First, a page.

He didn’t stay long that first time. He’d scampered to the top of the dome and called Ladybug. She’d met him there and swung down for a quick examination herself, as wary as he had been that Hawk Moth might show up. Once they’d memorized the structure, they’d met elsewhere to discuss. To plan.

It had been Ladybug’s idea to wait until they fought an akuma victim in the vicinity. It had been her idea that he head to Hawk Moth’s lair the moment the akuma was freed, before she’d caught and cleansed it. She’d assured him that she’d be right behind him but had pointed out that if they were to attack Hawk Moth, to deal with the source and not the symptoms, they needed to attack when they knew he would be there.

Ladybug hadn’t been late in following, exactly, but she’d needed to use her Lucky Charm to defeat the villain and wouldn’t have been able to maintain her transformation without allowing her kwami to reenergize. They’d tried to avoid that, using their special powers, but they’d needed a bit of Ladybug’s luck to get through the last fight. Cataclysm hadn’t been needed, so Adrien had been able to leave with the confidence that he wouldn’t lose his transformation the moment he faced Hawk Moth.

When Adrien broke through the circular window that marked Hawk Moth’s lair in a shower of shattered glass, Ladybug was not on his tail. His spinning staff took the brunt of the impact, so he didn’t need much time to recover. That was just as well, because even as the akumas scattered, others began to blacken. He began spinning his staff again, using it as a shield as they flew at him with unnerving accuracy and with more ill intent than Bubbler’s bubbles.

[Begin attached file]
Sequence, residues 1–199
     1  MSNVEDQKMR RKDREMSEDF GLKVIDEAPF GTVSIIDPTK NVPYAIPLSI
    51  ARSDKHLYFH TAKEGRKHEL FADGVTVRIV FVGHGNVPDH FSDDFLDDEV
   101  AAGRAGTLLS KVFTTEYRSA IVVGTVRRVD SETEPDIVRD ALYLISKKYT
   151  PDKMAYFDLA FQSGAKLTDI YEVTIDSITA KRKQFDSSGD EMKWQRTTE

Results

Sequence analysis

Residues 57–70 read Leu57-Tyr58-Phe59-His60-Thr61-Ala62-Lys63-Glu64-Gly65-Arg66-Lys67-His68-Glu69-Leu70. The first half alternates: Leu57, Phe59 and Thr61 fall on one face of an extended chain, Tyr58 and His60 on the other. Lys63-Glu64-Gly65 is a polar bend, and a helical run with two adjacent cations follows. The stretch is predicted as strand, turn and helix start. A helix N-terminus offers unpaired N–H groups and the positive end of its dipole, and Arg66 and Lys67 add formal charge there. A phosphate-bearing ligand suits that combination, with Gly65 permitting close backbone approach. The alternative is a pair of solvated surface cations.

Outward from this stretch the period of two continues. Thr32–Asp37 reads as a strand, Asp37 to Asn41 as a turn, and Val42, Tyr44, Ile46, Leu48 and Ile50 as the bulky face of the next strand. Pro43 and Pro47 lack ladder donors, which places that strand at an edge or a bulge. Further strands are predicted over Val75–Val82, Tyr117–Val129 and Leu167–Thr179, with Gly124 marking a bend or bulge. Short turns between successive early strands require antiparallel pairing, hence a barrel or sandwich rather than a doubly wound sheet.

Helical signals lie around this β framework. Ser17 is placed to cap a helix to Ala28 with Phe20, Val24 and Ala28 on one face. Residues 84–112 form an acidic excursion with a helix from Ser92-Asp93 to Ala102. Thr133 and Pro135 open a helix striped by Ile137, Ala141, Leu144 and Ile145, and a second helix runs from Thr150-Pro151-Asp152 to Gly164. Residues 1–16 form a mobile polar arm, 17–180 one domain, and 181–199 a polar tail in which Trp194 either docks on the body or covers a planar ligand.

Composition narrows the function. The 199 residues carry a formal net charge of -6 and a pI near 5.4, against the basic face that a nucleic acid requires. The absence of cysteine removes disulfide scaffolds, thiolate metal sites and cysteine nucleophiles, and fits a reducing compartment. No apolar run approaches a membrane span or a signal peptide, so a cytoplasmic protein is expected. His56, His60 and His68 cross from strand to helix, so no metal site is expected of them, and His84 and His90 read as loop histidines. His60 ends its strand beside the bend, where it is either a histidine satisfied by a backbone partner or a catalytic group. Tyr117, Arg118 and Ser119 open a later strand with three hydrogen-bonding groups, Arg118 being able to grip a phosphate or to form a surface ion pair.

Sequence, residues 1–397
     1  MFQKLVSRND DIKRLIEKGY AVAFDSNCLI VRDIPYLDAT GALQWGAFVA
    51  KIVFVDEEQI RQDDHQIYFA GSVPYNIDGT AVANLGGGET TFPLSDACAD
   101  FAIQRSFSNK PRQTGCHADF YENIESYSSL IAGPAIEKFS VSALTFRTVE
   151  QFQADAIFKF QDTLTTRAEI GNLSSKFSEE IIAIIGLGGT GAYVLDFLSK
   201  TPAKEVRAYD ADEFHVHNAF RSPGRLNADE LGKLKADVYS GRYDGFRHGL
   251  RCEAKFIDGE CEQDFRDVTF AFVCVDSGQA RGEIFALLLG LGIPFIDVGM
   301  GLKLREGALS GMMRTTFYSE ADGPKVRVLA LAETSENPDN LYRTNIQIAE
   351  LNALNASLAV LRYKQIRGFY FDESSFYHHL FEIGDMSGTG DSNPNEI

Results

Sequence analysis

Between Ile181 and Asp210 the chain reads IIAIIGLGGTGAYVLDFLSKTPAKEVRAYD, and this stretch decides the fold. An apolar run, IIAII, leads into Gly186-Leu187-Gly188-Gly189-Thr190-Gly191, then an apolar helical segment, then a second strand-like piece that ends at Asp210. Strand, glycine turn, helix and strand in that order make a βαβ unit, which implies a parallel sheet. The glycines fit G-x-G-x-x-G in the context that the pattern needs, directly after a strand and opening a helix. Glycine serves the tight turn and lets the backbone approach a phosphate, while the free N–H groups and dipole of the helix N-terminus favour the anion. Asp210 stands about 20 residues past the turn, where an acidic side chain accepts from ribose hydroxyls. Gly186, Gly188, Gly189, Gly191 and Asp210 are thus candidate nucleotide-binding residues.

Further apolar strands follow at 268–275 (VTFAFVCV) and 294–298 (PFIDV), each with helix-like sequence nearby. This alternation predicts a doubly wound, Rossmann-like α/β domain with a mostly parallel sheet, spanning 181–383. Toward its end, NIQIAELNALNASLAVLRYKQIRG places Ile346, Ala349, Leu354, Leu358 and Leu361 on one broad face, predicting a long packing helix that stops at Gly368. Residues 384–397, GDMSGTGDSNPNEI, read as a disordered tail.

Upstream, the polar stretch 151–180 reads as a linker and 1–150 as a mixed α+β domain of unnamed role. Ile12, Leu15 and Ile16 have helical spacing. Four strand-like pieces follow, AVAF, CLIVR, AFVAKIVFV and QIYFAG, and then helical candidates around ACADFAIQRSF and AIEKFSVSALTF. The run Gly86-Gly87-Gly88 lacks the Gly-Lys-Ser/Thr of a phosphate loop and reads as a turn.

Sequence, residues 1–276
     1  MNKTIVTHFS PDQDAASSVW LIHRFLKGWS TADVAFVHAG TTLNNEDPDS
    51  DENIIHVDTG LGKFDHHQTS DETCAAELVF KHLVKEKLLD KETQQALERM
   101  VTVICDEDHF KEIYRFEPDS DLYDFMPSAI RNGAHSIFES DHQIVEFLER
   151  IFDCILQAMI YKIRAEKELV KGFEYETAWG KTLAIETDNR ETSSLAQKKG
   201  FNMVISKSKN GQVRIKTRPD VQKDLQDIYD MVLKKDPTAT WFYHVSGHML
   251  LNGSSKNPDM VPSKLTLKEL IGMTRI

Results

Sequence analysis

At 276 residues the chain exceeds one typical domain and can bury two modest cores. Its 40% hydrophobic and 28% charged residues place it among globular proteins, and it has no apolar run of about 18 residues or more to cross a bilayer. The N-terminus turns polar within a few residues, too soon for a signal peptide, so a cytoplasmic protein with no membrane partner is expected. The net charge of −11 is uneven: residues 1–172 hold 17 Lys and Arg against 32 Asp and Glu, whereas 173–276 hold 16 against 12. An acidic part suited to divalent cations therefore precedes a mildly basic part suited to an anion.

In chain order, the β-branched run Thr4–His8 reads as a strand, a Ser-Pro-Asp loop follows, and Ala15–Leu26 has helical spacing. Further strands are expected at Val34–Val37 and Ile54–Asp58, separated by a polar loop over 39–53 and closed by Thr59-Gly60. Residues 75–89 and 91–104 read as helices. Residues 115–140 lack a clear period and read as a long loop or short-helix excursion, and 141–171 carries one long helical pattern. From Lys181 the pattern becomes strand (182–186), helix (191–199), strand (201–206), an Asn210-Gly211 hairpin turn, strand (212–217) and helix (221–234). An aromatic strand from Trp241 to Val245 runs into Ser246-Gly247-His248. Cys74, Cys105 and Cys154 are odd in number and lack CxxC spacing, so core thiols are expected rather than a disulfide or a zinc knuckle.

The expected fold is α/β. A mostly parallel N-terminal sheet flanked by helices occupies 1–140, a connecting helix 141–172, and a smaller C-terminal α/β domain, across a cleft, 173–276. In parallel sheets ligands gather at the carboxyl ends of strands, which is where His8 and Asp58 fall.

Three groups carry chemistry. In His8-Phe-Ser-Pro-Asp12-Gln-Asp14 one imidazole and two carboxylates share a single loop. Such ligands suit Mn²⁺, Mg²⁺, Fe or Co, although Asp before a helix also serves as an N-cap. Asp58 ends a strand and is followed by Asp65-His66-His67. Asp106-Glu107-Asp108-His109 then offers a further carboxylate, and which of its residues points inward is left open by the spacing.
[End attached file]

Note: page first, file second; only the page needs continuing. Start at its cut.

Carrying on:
Adrien danced and dodged, spinning and slicing the akumas from the air as he advanced inch by painful inch. Hawk Moth did not retreat. He just stood there, waiting, one hand resting on his cane, the other clenched into a fist in anticipation.

He watched.

He smiled.

The butterflies swarmed. Adrien risked a glance behind him and realized not every akuma had targeted him; some had avoided him and escaped out the window, either to waylay Ladybug or to infect the innocent people of Paris. He tried, but no matter what he did, he couldn’t shake off the akumas that landed on him. They covered him, blotting out his vision, and it wasn’t until after he was trying to scrape them off with both hands that he realized he’d dropped his staff.

Hawk Moth began to chuckle.

“You…you’re….” Adrien swallowed and managed to disentangle himself from Marinette. Tears still ran down her cheeks, but she wasn’t sobbing any longer. She sniffed, pulled some tissue from her pocket and wiped at her eyes and nose, and looked at him. She still trembled slightly, but she’d squared her shoulders, and for a moment, she looked like…like herself. It made his breath catch. “My lady?”

She gave one sharp nod, and then her composure crumbled again. “I never imagined…. I didn’t know…. I feel awful. If I’d never….”